Katherine Harris weighs in on electing Florida’s Secretary of State
Katherine Harris

Katherine Harris

As the question arises anew about whether Florida voters should elect a Secretary of State, Katherine Harris, the last person elected to the office, said it’s important to well-define the post.

While she would not weigh in on whether a return to elected secretaries should occur, she did see certain benefits. Those range from board conveniences like having an odd number of Cabinet members to having an elected official dedicated to such critical areas as the arts and — yes — elections.

“That allowed me to focus in,” Harris said.

But she says lawmakers —and if it gets to the ballot, voters — should not ignore the reasons Florida turned the Secretary of State position into an appointed office in the first place.

Voters in 1998 approved a constitutional amendment restructuring the Cabinet to eliminate multiple elected positions: Treasurer, Comptroller, Secretary of Education and Secretary of State. The position of Chief Financial Officer came into existence, and most of the duties under former Cabinet positions went under the auspices of the Governor.

Incidentally, voters the same day elected Harris as the final Cabinet-level Secretary of State. While this immediately dashed hopes of seeking re-election to the post, Harris viewed the Cabinet restructuring as at least “well-intended.”

“The vast number of people believed it was important to have a strong Governor,” she said.

Florida, then the fourth most populous state in the union and about to surpass New York in the next census, had many functions of government kept out of the control of the Governor.

But before her job became relegated to a gubernatorial appointment, Harris took on the task of boosting international trade and arts in the state. Florida became the top funder of the arts in the nation.

What Harris may be best remembered for, however, is the 2000 recount. As an elected Republican official, Harris suffered withering national criticism at the time, especially after denying hand recounts in heavily Democratic counties.

That election ultimately saw court challenges reach all the way to the Supreme Court before Republican George W. Bush was certified the winner by a 537-vote margin.

It’s notable that a couple of years later when the Cabinet restructuring went into effect, the Secretary of State was appointed and reported to Gov. Jeb Bush, the presidential candidate’s brother, so attention may have been more intense.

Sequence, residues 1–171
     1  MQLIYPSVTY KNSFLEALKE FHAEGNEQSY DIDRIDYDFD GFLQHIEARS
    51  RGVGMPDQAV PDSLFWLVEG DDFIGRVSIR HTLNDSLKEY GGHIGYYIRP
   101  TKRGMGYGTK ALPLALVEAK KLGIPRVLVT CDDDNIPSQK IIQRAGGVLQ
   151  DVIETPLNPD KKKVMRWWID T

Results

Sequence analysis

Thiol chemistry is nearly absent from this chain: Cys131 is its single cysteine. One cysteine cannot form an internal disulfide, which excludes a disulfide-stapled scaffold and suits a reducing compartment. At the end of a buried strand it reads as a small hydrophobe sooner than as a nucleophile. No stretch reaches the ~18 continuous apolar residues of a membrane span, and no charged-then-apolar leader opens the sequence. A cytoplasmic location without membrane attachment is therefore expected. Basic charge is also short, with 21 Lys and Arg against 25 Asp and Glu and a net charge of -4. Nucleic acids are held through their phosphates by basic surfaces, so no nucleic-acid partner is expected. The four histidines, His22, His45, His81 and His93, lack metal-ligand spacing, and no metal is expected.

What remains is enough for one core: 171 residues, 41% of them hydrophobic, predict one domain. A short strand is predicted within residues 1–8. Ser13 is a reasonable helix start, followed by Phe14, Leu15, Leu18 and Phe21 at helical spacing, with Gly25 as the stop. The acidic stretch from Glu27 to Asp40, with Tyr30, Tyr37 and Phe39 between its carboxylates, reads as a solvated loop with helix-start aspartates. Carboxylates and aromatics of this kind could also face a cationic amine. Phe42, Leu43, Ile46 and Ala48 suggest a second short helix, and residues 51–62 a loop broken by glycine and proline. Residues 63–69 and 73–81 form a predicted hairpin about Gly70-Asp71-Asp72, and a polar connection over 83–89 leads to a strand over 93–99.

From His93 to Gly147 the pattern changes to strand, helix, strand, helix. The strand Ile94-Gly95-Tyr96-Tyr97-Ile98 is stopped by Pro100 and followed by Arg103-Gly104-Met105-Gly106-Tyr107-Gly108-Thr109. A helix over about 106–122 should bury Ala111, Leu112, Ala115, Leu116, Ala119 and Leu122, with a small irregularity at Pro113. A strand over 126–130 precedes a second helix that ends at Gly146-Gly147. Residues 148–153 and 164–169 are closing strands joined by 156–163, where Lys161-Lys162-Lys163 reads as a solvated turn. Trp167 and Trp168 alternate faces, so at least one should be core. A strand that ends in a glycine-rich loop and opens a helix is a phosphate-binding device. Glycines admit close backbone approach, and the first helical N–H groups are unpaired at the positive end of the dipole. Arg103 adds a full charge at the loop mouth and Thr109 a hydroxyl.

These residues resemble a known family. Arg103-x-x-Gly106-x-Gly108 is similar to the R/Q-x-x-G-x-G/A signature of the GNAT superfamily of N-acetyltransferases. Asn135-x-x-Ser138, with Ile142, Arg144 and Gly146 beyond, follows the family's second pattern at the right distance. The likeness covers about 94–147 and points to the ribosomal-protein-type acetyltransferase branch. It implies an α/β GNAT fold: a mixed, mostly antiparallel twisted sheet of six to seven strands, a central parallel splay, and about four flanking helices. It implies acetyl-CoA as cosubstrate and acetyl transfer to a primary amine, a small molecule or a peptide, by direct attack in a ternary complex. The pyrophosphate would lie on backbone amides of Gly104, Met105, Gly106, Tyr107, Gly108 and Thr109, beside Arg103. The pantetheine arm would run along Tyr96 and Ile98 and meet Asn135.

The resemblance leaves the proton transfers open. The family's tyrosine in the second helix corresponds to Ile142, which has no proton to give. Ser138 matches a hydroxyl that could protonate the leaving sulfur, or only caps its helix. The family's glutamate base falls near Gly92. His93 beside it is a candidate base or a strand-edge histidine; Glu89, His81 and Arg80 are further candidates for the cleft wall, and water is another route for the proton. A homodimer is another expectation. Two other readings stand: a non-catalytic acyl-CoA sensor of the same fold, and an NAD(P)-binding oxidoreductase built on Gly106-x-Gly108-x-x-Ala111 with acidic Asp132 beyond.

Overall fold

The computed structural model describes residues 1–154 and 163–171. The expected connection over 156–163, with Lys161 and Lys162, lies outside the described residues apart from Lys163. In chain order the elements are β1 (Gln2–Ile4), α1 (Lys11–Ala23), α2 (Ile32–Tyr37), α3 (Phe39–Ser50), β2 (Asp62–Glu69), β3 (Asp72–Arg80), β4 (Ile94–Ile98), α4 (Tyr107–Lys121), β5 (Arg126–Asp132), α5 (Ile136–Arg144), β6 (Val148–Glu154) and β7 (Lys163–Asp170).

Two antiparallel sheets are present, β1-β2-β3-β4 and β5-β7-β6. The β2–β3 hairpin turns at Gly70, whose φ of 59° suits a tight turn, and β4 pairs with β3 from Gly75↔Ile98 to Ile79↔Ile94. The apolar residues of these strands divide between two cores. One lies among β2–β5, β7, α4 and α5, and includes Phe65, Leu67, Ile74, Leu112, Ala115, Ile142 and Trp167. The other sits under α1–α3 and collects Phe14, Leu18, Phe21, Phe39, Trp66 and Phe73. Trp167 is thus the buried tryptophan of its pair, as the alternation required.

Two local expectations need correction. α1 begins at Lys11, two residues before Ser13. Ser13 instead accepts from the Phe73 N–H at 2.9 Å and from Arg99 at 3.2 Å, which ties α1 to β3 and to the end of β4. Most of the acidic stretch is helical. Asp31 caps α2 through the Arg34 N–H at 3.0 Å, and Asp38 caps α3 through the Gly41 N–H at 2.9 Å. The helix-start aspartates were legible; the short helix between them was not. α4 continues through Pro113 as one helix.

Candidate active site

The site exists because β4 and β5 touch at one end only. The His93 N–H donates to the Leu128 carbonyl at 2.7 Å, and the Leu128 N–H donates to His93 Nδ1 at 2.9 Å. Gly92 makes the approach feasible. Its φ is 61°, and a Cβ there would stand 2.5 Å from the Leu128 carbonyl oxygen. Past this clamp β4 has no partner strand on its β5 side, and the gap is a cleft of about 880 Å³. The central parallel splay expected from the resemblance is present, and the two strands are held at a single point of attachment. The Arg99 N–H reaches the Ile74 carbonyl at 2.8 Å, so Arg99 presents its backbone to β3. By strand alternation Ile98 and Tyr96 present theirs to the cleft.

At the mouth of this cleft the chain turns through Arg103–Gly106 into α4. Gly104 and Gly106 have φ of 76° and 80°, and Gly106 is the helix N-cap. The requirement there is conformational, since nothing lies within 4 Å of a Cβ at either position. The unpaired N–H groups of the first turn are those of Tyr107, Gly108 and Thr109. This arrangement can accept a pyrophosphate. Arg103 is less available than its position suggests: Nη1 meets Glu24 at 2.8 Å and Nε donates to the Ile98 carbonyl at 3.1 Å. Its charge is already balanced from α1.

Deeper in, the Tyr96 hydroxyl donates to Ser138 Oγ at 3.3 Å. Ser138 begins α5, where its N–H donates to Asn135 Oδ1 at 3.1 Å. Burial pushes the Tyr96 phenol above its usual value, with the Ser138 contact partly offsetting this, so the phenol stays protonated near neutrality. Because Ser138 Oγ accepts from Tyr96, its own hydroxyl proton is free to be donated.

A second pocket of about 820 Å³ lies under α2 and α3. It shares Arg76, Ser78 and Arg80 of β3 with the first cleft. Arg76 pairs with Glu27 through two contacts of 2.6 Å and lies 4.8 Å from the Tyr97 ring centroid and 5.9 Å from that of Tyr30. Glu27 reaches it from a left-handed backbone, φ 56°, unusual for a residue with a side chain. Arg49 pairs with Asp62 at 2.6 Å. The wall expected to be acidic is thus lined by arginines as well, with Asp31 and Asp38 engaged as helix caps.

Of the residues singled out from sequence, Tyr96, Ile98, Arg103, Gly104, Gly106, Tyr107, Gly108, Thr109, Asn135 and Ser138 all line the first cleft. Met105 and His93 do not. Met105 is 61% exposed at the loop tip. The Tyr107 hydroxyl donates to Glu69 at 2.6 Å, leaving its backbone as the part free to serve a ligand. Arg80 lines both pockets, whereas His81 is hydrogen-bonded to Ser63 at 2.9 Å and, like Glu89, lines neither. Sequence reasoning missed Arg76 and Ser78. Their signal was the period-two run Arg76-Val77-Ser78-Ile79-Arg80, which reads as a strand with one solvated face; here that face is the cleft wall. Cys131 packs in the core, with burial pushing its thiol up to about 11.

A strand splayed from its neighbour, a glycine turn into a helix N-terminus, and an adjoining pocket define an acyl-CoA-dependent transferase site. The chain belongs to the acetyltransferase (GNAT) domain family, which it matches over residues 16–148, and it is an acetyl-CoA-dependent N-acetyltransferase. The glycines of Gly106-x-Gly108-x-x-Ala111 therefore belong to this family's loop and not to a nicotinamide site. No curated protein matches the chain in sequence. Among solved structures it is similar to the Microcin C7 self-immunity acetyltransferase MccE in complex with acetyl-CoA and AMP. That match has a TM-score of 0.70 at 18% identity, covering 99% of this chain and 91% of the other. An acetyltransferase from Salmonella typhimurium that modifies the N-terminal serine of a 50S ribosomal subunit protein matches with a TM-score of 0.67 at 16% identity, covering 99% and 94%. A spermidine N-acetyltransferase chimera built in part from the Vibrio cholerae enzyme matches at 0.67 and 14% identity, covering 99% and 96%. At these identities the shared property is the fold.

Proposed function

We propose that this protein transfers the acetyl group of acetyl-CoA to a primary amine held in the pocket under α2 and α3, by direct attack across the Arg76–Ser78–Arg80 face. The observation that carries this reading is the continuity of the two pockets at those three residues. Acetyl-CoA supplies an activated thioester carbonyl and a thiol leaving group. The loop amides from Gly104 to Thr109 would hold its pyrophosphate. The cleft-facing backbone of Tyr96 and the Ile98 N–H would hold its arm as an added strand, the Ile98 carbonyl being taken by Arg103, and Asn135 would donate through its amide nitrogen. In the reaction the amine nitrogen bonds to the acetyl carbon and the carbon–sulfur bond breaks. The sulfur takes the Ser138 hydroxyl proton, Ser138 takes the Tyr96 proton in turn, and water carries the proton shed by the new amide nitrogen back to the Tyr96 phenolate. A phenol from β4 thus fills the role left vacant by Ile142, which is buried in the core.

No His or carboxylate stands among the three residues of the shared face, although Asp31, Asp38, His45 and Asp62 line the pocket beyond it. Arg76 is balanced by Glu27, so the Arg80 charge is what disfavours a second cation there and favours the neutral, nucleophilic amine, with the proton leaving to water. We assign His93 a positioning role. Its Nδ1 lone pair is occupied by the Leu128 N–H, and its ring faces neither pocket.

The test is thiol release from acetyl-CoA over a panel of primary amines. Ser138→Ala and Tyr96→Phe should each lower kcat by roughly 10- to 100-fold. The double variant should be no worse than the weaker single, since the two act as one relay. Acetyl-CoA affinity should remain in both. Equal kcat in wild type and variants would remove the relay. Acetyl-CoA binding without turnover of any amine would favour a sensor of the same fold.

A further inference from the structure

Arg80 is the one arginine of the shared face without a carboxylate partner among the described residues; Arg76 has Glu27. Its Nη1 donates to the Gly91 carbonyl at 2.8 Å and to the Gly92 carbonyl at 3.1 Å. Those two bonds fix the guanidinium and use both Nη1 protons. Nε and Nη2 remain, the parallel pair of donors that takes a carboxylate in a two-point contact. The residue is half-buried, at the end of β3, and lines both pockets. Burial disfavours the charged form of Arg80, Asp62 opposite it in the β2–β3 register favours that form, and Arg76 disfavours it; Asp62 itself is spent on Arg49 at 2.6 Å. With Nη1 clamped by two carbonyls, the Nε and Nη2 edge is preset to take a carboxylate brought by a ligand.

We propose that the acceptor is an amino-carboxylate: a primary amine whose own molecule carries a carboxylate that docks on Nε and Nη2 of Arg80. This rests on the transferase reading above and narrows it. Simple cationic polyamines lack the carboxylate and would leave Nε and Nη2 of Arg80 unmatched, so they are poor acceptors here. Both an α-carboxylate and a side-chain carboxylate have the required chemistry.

Another close election, this time with three statewide recounts for U.S. Senate, Governor and Agriculture Commissioner in 2018, once again has Tallahassee debating the merits of an independent Secretary of State again. Gov. Rick Scott this year won a Senate race against incumbent Sen. Bill Nelson.

Now state Sen. Aaron Bean has revived a proposal for an elected Secretary of State. He wants an odd number of Cabinet members for one thing, which Harris calls a small but positive change.

But she pushes back a little at the notion this year’s recounts faced significant problems at the state level.

She boasts that after 2000, Florida passed the “No. 1 election reform package in the nation” while she served as Secretary of State. This year turned into the biggest test of that bill, but not, she says, because of problems with the law.

“We didn’t have a bad election, we had a close election,” she said. “You never have these problems in California or New York, but that’s because we’re a purple state. We will always have close elections.”

One element of any change she does feel strongly about, though, is that the Secretary of State should remain a partisan position. While people tout the need for independence, it’s better to know the political values of the person in charge, even if that draws later critiques.

“Everyone has a preference when it comes to an election,” she said. “With an elected Secretary of State, if it’s still a partisan office at least it’s transparent.

“Someone either has integrity or they don’t. If someone doesn’t have integrity that the issue, then that’s the issue.”

Jacob Ogles

Jacob Ogles has covered politics in Florida since 2000 for regional outlets including SRQ Magazine in Sarasota, The News-Press in Fort Myers and The Daily Commercial in Leesburg. His work has appeared nationally in The Advocate, Wired and other publications. Events like SRQ’s Where The Votes Are workshops made Ogles one of Southwest Florida’s most respected political analysts, and outlets like WWSB ABC 7 and WSRQ Sarasota have featured his insights. He can be reached at [email protected].


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